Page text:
‘Jimmy Carter’ on PBS: It’s hail to the ex-chief
How fitting that “Jimmy Carter,” a two-part documentary about our now-celebrated 39th president, arrives on PBS so soon after midterm elections that cheered George W. Bush and determined the futures of other current politicians.
Just as Democrats, including Carter’s vice president, Walter Mondale, crashed Tuesday, the 1980 presidential election appeared to halt the former Georgia governor’s public life, driving him from office at age 56 and sweeping in the era of Ronald Reagan.
The same aw-shucks Reagan who had shrewdly rebutted him in a widely watched televised debate by deploying that now-famous line: “There you go again.”
Experts cite as Carter’s centerpiece achievement his 13 days of personal diplomacy that resulted in the Camp David accords, which appeared then to establish a framework for peace in the Middle East.
He had mostly a hard time of it in office, though, making as many enemies as his Plains, Ga., hometown had mosquitoes and alienating even congressional Democrats while reaffirming that more than high intelligence, tenacity and moral conviction are needed to assure success as president. A little luck helps, as does a readiness to achieve one’s goals through compromise.
Carter was famous for not returning the calls of leading senators, for example. “He never understood how the system worked,” the late House Speaker Tip O’Neill would say later. “And although this was out of character,” notes narrator Linda Hunt about the intellectually keen president, “he didn’t want to learn about it either.”
Jimmy Carters past and present, and the places where they intersect, are captured vividly in this fine Adriana Bosch film presented by “American Experience,” a series that integrates sound scholarship and entertainment values in ways that produce some of the best, most watchable history lessons on television.
This one begins with Jimmy as a high-achieving youth on his family’s farm outside of Plains and traces the “born-again” conversion, naval career and amazingly swift political ascent of this peanut mogul, Sunday-school teacher, scoutmaster and Lions Club vice president. A mere decade before seeking the Democratic nomination for president, we’re told, he was a door-to-door Bible thumper.
Carter isn’t interviewed, his surrogate here being his wife, RosalynnCarter, whose pointed comments affirm that she was no passive observer as first lady.
Although her husband is the film’s singular focus, the current president also comes to mind, even though his presidency is incomplete. Connecting those dots: Both men are deeply Christian. Both barely made it into the White House. Both were pummeled by depressed economies. Both entered office as callow babes in foreign affairs. And both were challenged by cataclysmic actions against Americans originating from abroad, events that were pivotal for them and the nation.
On this, though, their paths diverge.
Bush’s response to the terrorist attacks of Sept. 11, 2001, notably the U.S.-led offensive against Al Qaeda and the Taliban in Afghanistan, emboldened him and gave him stature in the view of most Americans. In contrast, the detention of 50 Americans in Tehran for 440 days by newly installed Iranian fundamentalists projected weakness and whooshed the remaining air from Carter’s already deflated administration.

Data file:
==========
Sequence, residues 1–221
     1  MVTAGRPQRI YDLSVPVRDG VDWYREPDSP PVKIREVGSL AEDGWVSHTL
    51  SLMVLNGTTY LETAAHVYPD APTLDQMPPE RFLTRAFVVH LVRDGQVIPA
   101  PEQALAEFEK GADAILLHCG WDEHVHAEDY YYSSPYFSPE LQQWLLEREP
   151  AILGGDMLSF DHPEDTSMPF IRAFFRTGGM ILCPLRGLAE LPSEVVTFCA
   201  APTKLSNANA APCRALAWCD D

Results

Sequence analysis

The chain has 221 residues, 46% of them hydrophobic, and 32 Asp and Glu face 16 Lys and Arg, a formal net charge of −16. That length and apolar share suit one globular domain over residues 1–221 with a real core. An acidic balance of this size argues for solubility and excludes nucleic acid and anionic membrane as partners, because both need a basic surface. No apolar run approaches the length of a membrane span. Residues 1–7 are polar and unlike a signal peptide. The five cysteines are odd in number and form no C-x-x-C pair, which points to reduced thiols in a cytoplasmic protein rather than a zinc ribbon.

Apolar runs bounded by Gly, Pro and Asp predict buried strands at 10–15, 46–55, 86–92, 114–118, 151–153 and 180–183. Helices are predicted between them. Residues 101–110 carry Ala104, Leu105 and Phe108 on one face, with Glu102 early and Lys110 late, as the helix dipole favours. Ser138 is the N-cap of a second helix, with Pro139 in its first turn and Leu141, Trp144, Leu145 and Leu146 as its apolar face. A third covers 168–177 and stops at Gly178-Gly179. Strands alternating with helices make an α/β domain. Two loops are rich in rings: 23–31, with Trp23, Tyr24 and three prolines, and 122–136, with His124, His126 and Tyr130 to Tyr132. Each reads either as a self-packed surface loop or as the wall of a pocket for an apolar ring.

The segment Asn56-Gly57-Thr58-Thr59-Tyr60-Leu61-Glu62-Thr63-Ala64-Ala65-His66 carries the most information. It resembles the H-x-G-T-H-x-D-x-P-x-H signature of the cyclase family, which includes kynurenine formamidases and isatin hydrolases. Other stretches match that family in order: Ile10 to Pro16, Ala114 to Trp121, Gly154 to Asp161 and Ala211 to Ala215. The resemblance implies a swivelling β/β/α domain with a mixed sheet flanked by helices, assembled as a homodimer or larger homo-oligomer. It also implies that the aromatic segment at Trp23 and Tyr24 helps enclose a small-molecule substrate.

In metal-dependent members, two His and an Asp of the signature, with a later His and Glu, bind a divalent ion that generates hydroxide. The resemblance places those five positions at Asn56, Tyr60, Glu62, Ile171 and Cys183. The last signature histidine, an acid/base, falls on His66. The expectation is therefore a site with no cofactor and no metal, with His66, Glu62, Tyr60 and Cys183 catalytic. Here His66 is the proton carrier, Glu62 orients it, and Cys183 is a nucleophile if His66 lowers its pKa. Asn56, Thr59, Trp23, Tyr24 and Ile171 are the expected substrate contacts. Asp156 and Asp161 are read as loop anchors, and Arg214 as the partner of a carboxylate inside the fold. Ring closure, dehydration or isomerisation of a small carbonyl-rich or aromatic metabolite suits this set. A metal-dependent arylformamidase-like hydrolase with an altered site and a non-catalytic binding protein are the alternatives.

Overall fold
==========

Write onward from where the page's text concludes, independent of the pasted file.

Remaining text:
Ahead, though, was not oblivion, for Carter’s post-presidency has soared, yielding vastly more praise and respect than his unpopular presidency, his work on behalf of the poor and disenfranchised resonating with Americans and his role as a globe-traveling elder statesman and champion of human rights leading this year to a Nobel Peace Prize.
As this meticulously balanced film notes, Carter has written his own banner headline since leaving office. While Gerald Ford has hit the links, Reagan has atrophied because of Alzheimer’s disease, George Bush the elder has kept low and Bill Clinton has weighed a TV talk show for big bucks, our other living former president has endeared himself widely by doing good deeds.
That included handling a hammer for Habitat for Humanity. A “Carpenter Named Carter,” the New York Times titled him. “He could make lumber sing,” his son Chip says in the documentary.
Carter beloved? Who would have thought it? When he left the White House -- flushed from power by a formidable opponent and epic problems headed by economic woes and the crippling Iran hostage crisis -- most of his countrymen would have given him only the booby prize.
Hardly beneficial either, as the film points out, was the dark legal cloud that settled over his budget director, Bert Lance, and dirtied Carter’s squeaky-clean image. Damaging, too, was Carter telling Playboy: “I’ve committed adultery in my heart many times.” As well as the image of rigid piety he projected while attacking “self-indulgence and consumption” in a sermonizing TV address that appeared to blame the public for the nation’s ills.
Of course, if Richard Nixon could come back after Watergate drove a stake through his heart, then anyone can. Even the disgraced Nixon, though, did not rebound as far as Carter.
This dichotomy in Carter’s life is as striking as the one tonight’s observers say gave him a dual personality as a public figure. “Politics was the ego in him and Jesus the humbleness,” says one historian.
The latter personality is especially visible now, the stubbornness and moral certitude that many found so irritating in Carter becoming his greatest assets in the service of others.
As there he goes again.
Howard Rosenberg’s column appears Mondays and Fridays. He can be contacted at firstname.lastname@example.org
“American Experience: Jimmy Carter” will be shown at 9 p.m. today and Tuesday on KCET.